“I would like some organic means of designing the submarine from the ground up that would seamlessly integrate UUVs,” Rear Adm. Michael Jabaley, the Navy’s program executive officer for submarines told the House Armed Services Committee on July 14. “The dream actually would be if you have ever seen remoras—those are the little fish the suck onto the big fish and go along and not seem to effect the big fish at all, ride in the stream, and then, when it’s time for them to go do something, they do and then come back. So that’s forward thinking.”
Jabaley acknowledged that such a feat is still a technological leap. However, it would be a vast improvement on the current system of using every opening on a submarine to deploy a UUV. The Navy’s undersea force uses everything from torpedo tubes to the submarines’ trash chute to launch UUVs. A system such as the one Jabaley envisions would allow a future attack submarine to launch and recover UUVs at will. That would effectively turn the boat into an underwater equivalent of an aircraft carrier—affording the vessel the ability to influence a vast area under the ocean.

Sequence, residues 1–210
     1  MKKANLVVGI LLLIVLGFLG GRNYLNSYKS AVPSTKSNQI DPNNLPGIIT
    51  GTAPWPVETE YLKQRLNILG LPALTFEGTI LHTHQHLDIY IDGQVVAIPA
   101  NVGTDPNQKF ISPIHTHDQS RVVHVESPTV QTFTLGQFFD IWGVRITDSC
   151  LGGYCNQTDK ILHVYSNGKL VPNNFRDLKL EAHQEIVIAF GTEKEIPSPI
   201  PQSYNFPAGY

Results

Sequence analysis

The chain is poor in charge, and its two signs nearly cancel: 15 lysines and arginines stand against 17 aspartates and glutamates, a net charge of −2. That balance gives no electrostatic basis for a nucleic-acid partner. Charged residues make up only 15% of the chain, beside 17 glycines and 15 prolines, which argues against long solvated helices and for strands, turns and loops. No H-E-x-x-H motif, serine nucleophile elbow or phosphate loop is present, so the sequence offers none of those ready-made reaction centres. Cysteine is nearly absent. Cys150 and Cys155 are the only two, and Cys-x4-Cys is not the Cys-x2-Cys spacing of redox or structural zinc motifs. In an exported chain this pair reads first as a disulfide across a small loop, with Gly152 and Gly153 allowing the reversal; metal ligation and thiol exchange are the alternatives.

The second innovation Jabaley wishes the Navy could develop is also inspired by nature—a biomimetic propulsion system that would eliminate a drive shaft and the spinning blades of a propulsor. If successful, that would lead to a revolutionary leap in acoustic performance. “At some point we’re going to have to move beyond a rotating mechanical device to push the ship through the water,” Jabaley said. “Although we’re not there yet on the oceans being transparent, one of the biggest things that causes noise to be radiated into the water is the rotating machinery and the propulsor itself moving through the water and exciting various parts of the stern and the submarine to radiate noise.”
Full article: US Navy’s next sub: Super stealthy and now underwater aircraft carrier? (Asia Times)